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Human Trafficking Awareness Month: Mohave County coalition takes aim at child sex trafficking

Child trafficking doesn’t only speak to semi-trucks full of children being whisked away by their abusers, as those abusers have become more nuanced in how they prey on children. Be it through social media or by pretending to be trustworthy and caring, a new coalition is reminding locals that the danger is real, but also combatable, with the help of the community as a whole.

Back in February, a month after 2020’s National Human Trafficking Awareness Month in January, a group of local stakeholders including law enforcement personnel and medical professionals got together to discuss human trafficking and what could be done do combat it locally. Enter the Mohave County Domestic Violence/Human Trafficking Coalition.

“A lot of times they think when we talk about human trafficking that it’s the big, semi-bus full of people,” said Barbie Nielson with Arizona Youth Partnership and the coalition. “That’s not all we’re talking about; it’s anything like force, fraud or coercion.”

Kelly Tanner is the director of Homeless Youth Services at Arizona Youth Partnership. She oversees runaway and homeless youth shelters, sex trafficking funding and opioid-effected youth funding.

“Sometimes kids don’t even know they’ve been trafficked because they’ve had survival sex to get food, shelter, sometimes drugs,” Tanner said. “But yes, we do see those on a regular basis. I will tell you we see it more with our female population than we do the male.”

Tanner then provided some examples of trafficking. She said sometimes family members enlist their children to have sex in order to obtain drugs, and that trafficking can also be generational.

“If a parent or an aunt, sometimes even a grandparent, has made money that way in the past, they pass on the knowledge of how to do that and how to traffic,” Tanner said.

And she said LGBTQ children are “very high risk” for being trafficked because of demand. Kids are also trafficking themselves through social media sites.

“It’s hard to track” Tanner said. “These youths are putting themselves out there for money.”

Nielson and Tanner explained there are two kinds of pimps that draw youths into a trafficking lifestyle: Romeo and gorilla pimps. The former showers the victim with gifts and attention in order to take advantage of the “relationship.”

“A lot of these kids come from broken homes where they’re needing that acceptance, they’re needing someone to give them that attention so they shower them with gifts and promise them the world,” Nielson said. “And then all of a sudden it turns to ‘Well, if you love me then you’re going to go do this.’”

Gorilla pimps, however, don’t disguise their intentions from the start. Tanner said trafficking can speak to force, fraud and coercion. For example, “If you don’t do this for me I’ll kill your family or I’ll beat you up.”

Tanner also spoke about the trafficking dangers for runaway youths. She said that within 48 hours of running away, 25% are approached by a trafficker. Those predators then offer help with food, lodging, cellphone bills and more.

“I have never had a girl that I have served that I know of that has been killed, but I’ve definitely seen girls physically beat up, mutilated, and it is horrifying,” Tanner said. “It is so horrifying, and they still cover for the person who did it to them and still be loyal to that person because that attachment is so strong.”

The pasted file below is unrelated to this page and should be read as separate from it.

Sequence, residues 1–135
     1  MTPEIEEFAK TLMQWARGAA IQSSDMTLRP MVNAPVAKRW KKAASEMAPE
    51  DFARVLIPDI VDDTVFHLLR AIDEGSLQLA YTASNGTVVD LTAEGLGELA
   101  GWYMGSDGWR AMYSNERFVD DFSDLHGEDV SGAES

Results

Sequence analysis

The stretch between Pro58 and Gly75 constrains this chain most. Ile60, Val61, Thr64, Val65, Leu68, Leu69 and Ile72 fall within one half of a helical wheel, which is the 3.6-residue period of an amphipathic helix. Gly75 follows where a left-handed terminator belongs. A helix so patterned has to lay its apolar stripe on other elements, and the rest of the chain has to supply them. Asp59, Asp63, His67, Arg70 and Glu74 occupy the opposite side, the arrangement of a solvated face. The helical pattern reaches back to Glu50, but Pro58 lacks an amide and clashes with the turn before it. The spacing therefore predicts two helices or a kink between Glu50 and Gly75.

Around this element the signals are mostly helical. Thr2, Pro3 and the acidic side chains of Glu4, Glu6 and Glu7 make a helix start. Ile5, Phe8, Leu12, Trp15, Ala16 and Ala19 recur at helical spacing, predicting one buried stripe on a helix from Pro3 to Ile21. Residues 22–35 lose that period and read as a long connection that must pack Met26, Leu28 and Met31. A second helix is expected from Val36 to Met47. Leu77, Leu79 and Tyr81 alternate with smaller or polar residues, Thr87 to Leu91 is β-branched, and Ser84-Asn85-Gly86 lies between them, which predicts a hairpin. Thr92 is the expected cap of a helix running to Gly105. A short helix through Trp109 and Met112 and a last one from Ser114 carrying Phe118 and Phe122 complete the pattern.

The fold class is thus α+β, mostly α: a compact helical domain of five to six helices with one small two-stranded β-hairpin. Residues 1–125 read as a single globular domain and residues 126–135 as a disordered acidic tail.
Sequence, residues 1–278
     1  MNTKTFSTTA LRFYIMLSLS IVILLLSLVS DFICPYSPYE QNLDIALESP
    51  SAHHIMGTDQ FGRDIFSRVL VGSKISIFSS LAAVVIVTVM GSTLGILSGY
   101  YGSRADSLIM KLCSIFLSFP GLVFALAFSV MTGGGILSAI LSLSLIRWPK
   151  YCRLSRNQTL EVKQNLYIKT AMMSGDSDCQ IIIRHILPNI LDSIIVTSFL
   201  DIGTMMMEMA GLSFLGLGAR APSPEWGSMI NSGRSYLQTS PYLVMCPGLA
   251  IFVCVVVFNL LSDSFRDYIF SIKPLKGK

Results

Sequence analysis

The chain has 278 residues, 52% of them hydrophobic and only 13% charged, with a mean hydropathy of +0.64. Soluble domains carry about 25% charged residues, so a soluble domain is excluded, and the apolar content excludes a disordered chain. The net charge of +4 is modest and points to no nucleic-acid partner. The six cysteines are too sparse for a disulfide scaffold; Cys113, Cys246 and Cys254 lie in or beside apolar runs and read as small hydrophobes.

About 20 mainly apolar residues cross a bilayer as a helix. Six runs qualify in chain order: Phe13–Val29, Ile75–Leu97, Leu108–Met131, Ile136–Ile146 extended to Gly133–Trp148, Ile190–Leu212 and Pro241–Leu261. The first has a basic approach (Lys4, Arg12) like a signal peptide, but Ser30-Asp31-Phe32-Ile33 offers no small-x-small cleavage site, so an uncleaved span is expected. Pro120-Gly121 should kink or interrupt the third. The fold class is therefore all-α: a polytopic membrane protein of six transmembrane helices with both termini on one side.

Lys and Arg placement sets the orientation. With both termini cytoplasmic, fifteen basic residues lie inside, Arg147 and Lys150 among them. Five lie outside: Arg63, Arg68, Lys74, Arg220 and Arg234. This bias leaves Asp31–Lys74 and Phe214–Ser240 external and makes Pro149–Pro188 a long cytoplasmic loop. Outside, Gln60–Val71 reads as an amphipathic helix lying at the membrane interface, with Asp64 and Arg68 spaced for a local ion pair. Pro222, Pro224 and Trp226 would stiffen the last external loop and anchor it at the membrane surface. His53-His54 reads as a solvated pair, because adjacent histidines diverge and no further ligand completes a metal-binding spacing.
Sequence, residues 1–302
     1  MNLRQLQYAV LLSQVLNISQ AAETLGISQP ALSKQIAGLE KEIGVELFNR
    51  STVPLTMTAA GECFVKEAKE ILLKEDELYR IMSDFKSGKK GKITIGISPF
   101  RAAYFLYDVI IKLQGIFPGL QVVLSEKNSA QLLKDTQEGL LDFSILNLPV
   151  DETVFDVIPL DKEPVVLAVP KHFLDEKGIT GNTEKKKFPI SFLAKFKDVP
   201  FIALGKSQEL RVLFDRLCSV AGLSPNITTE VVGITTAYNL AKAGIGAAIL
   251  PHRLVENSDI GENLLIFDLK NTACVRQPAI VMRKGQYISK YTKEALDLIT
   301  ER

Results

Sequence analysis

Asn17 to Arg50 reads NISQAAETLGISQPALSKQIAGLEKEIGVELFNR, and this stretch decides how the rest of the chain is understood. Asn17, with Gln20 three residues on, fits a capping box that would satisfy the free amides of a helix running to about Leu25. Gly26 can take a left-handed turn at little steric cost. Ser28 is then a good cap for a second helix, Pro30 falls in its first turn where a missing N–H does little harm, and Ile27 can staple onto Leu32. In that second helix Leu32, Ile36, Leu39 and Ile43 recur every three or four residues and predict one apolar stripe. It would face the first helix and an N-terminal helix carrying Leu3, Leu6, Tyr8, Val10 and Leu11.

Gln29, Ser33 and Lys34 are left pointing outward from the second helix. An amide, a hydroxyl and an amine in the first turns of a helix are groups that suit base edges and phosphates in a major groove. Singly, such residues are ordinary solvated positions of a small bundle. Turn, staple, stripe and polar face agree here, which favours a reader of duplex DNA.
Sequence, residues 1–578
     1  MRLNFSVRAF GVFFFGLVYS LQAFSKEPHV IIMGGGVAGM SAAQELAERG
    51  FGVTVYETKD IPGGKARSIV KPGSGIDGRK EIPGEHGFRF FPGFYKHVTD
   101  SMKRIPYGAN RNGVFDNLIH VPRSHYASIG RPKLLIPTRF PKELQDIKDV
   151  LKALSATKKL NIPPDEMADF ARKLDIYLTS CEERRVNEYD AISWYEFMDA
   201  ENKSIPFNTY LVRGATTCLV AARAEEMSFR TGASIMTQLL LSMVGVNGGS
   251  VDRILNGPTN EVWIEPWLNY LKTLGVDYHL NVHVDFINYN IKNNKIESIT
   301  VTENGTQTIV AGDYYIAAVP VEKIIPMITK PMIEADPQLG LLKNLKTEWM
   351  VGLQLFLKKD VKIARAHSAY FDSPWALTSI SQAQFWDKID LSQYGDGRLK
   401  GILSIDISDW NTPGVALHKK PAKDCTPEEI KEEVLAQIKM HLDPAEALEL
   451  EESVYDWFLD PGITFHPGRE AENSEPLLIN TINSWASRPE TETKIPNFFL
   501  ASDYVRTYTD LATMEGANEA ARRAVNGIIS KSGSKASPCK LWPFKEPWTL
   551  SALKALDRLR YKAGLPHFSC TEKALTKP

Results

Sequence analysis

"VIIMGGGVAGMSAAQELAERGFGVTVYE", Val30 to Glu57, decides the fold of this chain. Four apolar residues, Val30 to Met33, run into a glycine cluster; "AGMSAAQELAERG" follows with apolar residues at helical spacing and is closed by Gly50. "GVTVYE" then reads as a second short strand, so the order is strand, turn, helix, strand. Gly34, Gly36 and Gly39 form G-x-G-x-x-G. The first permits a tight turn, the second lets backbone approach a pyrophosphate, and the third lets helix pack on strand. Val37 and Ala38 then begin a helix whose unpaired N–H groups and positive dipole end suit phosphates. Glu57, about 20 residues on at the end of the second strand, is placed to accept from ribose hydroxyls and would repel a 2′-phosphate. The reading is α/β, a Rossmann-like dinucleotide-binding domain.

Knowing that trafficking applies to far more than just busloads of victims, Mohave County stakeholders came together to address the problem. Included in the coalition are law enforcement agencies, the Mohave County Department of Public Health, faith-based communities, Kingman Regional Medical Center, Southwest Behavioral Health, Kingman Aid to Abused People, the probation department, local schools and more.

The coalition will also work with The McCain Institute, Training and Resources United to Stop Trafficking, and Sisters of the Streets.

“Everyone has been willing to jump in and be a part of the solution,” Tanner said.

The coalition will utilize a three-year $370,000 grant from the Department of Justice’s Office for Victims of Crime to build resources as well as inform the community and increase awareness. The coalition plans to hire a full-time case manager who will be able to refer victims to services they need, be they financial, counseling or something else.

“Year one is really building up that capacity so that we can start serving these victims and getting them the resources that they need, and then hopefully building the financial portion so that we can continue this after the grant has run out,” Nielson said.

“We really want to have a holistic approach within our community, bringing all of the stakeholders to the table who are able to serve the victims to create survivors,” Tanner said. “That’s really the goal.”

Entrance to the coalition is by invitation only, however, Nielson said community members can still assist in the effort by educating themselves on trafficking. On that note, should a person believe they have identified a victim, they can contact the National Human Trafficking Hotline at 1-888-373-7888.

Nielson recommended that parents familiarize themselves with what social media sites their children use, as well as what’s on their cellphones and gaming devices. Also of vital importance is communication. Self-education is important as well, Tanner said.

Both coalition members said children need to be sure they know who they’re talking to online. Nielson added that once a pornographic picture is sent to a predator, it won’t just stop there.

“And remembering that it happens right here, it’s happening in your own backyard and your child is not immune,” Tanner said.

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